Bing: the Importance of the “Other” Search Engine

Published: August 17, 2016  by 

Close up of a man searching the internet on a tabletIn 2015, 64 percent of users searched on Google and 33 percent of users searched on Bing and Yahoo, according to Search Engine Land.

“Do you want to ignore every third person that comes to your business’s door?” asked Bill Martin, our Director of Search Marketing here at BigWing. “Because that’s exactly what you’re doing if you’re disregarding Bing.”

If Bill were to ask a client that question, the answer would be, “Of course not! We want everyone to know about our business, buy our products, eat our food, or become the biggest brand advocates we have.”

People sometimes disregard the “other” search engine in their marketing. With the help of Bill, we’ll explain why Bing is a crucial resource that shouldn’t be overlooked in your campaign strategy.

Why diversify?

“Although there are more people using Google vs. Bing, it’s important to place a portion of a paid search budget with Bing. I usually recommend my clients begin with a 70/30 budget ratio, putting 70 percent of it toward Google and 30 percent of it toward Bing,” Bill said. “After the campaign has run for a few weeks, results can be gathered, and you’ll be able to see if more users are responding to Google vs. Bing. From there, the budget can be adjusted accordingly.”

Demographic differences

“For starters, the demographic differences between the two search engines are drastically different,” said Bill. “A few key points for Team Bing are the demographic differences and the results garnered when users search.”

The audience on Bing is older, wealthier, and more educated:

  • 72 percent of users are 35 or older. That’s compared to 53 percent of the U.S. population, according to the census.
  • 48 percent of users earn an annual salary of $75,000 or more, compared to only 35 percent nationwide.
  • 79 percent of users attended college, compared to 59 percent nationwide.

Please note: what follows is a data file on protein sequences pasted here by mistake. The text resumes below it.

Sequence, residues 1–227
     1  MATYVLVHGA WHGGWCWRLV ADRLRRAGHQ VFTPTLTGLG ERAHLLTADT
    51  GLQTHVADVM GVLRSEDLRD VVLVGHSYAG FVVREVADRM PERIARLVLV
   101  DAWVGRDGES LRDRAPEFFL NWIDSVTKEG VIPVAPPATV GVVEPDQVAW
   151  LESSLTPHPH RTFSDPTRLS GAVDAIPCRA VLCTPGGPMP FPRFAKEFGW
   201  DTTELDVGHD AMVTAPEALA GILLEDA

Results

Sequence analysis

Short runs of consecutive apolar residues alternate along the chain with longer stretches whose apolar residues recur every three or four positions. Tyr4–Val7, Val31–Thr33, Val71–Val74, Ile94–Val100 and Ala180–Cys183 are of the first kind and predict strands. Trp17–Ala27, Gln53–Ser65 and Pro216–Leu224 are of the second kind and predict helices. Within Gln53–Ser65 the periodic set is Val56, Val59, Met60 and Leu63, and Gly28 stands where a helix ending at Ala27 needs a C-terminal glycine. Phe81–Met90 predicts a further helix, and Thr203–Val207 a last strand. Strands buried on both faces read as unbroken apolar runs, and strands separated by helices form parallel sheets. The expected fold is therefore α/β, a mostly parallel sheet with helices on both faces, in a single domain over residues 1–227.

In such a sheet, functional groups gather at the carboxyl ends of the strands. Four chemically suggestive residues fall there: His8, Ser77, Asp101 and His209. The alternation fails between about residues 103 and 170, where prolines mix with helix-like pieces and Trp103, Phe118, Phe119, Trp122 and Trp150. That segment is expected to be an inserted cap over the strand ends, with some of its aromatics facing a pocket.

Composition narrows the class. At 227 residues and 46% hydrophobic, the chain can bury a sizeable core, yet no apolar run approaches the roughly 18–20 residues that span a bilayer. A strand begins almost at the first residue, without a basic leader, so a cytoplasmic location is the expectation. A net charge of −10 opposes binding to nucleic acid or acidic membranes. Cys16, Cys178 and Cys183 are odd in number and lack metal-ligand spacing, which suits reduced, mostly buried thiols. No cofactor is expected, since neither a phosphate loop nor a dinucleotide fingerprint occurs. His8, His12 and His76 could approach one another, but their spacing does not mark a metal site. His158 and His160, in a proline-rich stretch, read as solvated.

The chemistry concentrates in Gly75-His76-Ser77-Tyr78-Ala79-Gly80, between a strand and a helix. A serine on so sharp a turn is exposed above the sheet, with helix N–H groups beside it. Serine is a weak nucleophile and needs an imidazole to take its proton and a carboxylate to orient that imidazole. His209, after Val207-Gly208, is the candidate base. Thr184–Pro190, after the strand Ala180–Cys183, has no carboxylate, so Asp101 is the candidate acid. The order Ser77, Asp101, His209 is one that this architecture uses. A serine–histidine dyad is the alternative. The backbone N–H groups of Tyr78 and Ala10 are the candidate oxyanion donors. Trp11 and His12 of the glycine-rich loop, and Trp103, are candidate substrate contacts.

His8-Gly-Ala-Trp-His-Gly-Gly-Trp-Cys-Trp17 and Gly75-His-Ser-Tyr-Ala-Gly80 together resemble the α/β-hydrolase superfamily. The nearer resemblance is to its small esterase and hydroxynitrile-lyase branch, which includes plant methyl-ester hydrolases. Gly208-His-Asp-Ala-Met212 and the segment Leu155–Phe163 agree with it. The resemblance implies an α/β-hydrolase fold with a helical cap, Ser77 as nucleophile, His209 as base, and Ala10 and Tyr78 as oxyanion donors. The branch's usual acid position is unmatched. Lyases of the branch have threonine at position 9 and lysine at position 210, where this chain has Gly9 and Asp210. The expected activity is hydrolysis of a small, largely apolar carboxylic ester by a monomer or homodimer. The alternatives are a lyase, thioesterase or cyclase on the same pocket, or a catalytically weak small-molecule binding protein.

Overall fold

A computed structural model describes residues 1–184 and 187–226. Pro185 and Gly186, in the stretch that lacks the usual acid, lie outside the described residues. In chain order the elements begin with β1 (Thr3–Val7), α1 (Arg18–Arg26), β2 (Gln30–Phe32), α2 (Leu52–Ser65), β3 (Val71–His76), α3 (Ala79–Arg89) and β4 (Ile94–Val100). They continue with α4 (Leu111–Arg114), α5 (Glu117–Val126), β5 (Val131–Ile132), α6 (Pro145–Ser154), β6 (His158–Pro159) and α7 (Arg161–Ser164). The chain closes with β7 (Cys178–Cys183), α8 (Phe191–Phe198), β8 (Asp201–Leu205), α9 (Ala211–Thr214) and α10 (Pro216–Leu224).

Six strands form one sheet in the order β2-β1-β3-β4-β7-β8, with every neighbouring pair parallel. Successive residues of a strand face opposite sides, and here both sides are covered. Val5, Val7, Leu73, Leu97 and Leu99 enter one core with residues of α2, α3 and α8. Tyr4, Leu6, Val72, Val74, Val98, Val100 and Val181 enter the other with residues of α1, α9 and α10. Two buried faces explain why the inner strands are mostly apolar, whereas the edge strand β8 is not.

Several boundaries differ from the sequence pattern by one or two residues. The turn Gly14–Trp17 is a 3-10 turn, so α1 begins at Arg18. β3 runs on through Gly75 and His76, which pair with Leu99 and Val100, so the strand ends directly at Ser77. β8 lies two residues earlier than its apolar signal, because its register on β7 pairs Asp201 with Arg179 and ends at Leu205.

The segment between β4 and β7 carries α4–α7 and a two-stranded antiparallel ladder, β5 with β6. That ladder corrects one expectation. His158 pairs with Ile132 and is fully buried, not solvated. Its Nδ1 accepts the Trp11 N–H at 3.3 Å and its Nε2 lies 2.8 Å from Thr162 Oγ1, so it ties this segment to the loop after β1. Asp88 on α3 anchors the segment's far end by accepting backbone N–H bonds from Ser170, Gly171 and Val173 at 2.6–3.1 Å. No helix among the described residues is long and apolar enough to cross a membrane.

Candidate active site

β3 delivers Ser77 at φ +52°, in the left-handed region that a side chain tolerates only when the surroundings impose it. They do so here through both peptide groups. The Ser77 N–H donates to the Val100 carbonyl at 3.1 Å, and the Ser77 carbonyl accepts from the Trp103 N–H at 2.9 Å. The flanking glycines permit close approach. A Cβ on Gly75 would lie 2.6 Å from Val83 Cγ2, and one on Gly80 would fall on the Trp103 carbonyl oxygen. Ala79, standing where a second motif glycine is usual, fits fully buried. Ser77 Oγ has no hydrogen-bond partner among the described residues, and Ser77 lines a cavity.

“Those demographics alone can help businesses determine if their clientele is on Bing. Are you a company with green, eco-friendly products? Are you a car dealership? It’d be a safe bet to say Bing is the search engine their target market uses,” Bill said.

Search results on Bing

“The ways users search on Google and Bing are also different,” said Bill.

Launched in 2009, Bing was created by Microsoft Corporation as a “decision engine” designed to retrieve more information in searches, to satisfy a user’s initial search query.

“Although both search engines want to help users find what they’re looking for, Google is used for getting information and Bing is used for actually getting users what they want,” Bill said. “There’s a higher conversion rate on Bing and the statistic that Bing users spend roughly 17 percent more than other Internet users emphasizes that.”

To test our Bill’s theory, we’ll search for “guitar” on both search engines.

Google:Google search results for guitar

“You can see in this Google result that we’ve got map listings for local guitar stores, some of their websites, and information about guitars,” Bill said.

Bing: Search results for guitar on Bing

“In this Bing result you can see it’s geared towards helping users find places to purchase guitars by the map listings for local guitar stores, their websites, and also the right-hand column with its photos and prices for guitars,” Bill said.

Which do you prefer? Bing or Google?

Are you Team Bing or Team Google? This question is as serious as asking if you prefer Gryffindor or Slytherin, Star Wars or Star Trek, Marvel or DC, Batman or Superman, or Captain America or Iron Man.

“Some Google users say they’ve never used Bing, when in fact, many of them have,” Bill said.

“Did you know Siri is powered by Bing? Did you know the default search engine on a new Windows computer is Bing?”

To see which you actually prefer, visit BingItOn and take their test, where you can vote on search results from Google and Bing.

Website bingiton.com

(Pssst, we took the test and chose Bing all 5 times.)

“Bing doesn’t want to take over the world. They want to create a platform for users that want results they can’t find anywhere else,” Bill said. “There are tens of millions of users who deliberately don’t use Google, so reach them and use that knowledge to your advantage.”

We’re not saying you need to join Team Bing, but you should take into account the demographic differences and search results that could, in turn, benefit your marketing strategy.

Want more information about advertising with Bing?

Contact us.